Year: “COPY” Photographs ShareFacebookTwitterPinterestWhatsappMailOrhttps://www.archdaily.com/769449/cottage-la-angela-estudio-cella Clipboard Cottage La Angela / Estudio CellaSave this projectSaveCottage La Angela / Estudio CellaHouses, Extension•San José, Argentina “COPY” CopyAbout this officeEstudio CellaOfficeFollowProductsWoodConcrete#TagsProjectsBuilt ProjectsSelected ProjectsResidential ArchitectureHousesRefurbishmentExtensionSan JoséArgentinaPublished on July 03, 2015Cite: “Cottage La Angela / Estudio Cella” 03 Jul 2015. ArchDaily. Accessed 11 Jun 2021.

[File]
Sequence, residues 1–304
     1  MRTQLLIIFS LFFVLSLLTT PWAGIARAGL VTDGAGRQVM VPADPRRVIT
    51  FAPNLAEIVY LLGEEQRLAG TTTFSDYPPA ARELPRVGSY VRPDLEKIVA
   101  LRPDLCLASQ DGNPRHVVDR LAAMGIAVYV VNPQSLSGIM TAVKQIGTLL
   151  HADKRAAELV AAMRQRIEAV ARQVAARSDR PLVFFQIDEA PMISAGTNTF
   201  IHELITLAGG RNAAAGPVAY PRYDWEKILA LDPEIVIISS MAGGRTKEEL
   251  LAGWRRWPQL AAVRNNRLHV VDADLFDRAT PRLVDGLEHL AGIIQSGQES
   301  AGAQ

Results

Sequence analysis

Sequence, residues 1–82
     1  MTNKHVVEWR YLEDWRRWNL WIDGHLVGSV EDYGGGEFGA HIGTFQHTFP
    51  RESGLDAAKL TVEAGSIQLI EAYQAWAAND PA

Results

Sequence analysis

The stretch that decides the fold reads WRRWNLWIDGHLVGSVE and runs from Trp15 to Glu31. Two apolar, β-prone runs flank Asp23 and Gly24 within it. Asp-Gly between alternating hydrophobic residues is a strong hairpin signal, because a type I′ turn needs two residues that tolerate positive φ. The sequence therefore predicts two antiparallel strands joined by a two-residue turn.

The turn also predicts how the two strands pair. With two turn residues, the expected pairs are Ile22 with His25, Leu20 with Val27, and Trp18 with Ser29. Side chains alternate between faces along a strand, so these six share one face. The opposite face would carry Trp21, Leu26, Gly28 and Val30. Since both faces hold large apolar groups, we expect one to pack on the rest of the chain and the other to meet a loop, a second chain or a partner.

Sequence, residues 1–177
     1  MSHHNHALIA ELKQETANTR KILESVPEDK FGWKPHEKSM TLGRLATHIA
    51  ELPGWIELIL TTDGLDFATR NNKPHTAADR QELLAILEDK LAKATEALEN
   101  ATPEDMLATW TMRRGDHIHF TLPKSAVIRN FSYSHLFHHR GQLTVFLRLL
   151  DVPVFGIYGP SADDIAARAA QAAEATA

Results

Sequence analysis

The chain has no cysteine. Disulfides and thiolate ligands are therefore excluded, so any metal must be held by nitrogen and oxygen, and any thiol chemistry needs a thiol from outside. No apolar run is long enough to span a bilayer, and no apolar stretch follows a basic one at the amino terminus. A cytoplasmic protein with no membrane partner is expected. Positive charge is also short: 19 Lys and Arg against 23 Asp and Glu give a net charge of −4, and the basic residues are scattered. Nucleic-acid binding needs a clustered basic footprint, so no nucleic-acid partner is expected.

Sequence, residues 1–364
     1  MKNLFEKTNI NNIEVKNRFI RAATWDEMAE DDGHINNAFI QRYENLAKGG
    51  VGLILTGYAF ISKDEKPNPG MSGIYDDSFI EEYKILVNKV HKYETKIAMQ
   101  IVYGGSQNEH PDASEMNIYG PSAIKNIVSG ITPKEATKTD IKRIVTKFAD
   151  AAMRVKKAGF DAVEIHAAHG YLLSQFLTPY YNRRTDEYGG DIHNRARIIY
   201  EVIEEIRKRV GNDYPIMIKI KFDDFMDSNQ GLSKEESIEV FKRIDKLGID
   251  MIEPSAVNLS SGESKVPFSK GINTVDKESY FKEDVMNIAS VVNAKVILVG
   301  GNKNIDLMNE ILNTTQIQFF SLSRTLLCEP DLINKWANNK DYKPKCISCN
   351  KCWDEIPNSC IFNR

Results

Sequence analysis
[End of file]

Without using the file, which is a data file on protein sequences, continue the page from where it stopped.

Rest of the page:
Puerto Rico has been selling itself off since the 1990s, when the telephone company was privatized under Gov. Pedro Rosello. Since then, all Puerto Rico’s governments have been privatizing all public property, including the airports, health services, roads, the valuable pineapple industry, etc. The slogan of the progressive independence movement since then has been, “Puerto Rico is not for sale.”The “reconfiguration” of schools is actually another attempt to privatize education. The few agencies that remain under public control do so thanks to the ceaseless struggle of their workers. The class-conscious union UTIER, for example, has defended the nationalized Electric Power Authority tooth and nail.Apart from the sell-off, the government wanted to pay the debt by applying tax measures that the working class would have to pay. While transnational giants and megastores like Walmart take in billions in profits while paying minimal taxes, if any, the government loaded a tax on sales and services of 11.5 percent — the IVU — with the possibility of imposing a Value Added Tax later. In fact, the 16 percent VAT that García Padilla wanted to impose was rejected by the legislature in mid-May due to the population’s massive rejection of this tax.These measures are excessive in the extreme, with dire consequences for the already impoverished population.The people reject these measuresAlong with the general consensus of the people against the VAT of 16 percent, the resistance among students and union workers is even stronger.On May 25, the students of the University of Puerto Rico, known for their militancy, which prevented the privatization of the UPR a few years ago, were holding an assembly to determine how they will proceed in the fight against the new taxes. For weeks now, they have been organized on their 11 different campuses and have joined students from other schools. Various actions have been taken, including 48-hour stoppages and a major mobilization at the Capitol building on May 13.The students’ slogan is “Neither IVU nor VAT. Let those on top pay.” Not only do the students reject these measures, but they also offer alternative steps to the government to confront the crisis. For example, “eliminating the tax exemptions now maintained by the state and offered to multinational companies. … and recommend amending Article 6.8 of the Constitution, which gives priority to debt repayment over services to the people.” (Facebook: Radio Huelga)The teachers, on the other hand, led by EDUCAMOS and ÚNETE, are calling on teachers and parents to demonstrate on May 26 against the Department of Education and protest school closings.In an article, Puerto Rican writer Nelson A. Denis, author of the newly released bestseller, “War Against All Puerto Ricans,” offers an easy solution to solve the debt crisis: end the Cabotage Act. This act, better known as the Jones Act of 1920, requires that all goods that travel between the U.S. and Puerto Rico do so on U.S.-flagged vessels. Let’s explain this in brief: The value of U.S. protectionist quotas, taxes, fees and surcharges of ships and ports, which are the most expensive in the world, under this act are transferred to the Puerto Rican consumers, making the merchandise extremely expensive.Denis concludes, “From 1970 to 2010, the Jones Act cost Puerto Rico $29 billion. Projected from 1920 to the present, this cost was equivalent to $75.8 billion. Ironically, this $75.8 billion cost exceeds the amount of the current public debt.” (Latinorebels.com)The Jones Act is but another expression of colonialism. So to solve the debt once and for all, what is essential is the independence of Puerto Rico.¡Viva Puerto Rico Libre! (Long live free Puerto Rico!)FacebookTwitterWhatsAppEmailPrintMoreShare thisFacebookTwitterWhatsAppEmailPrintMoreShare this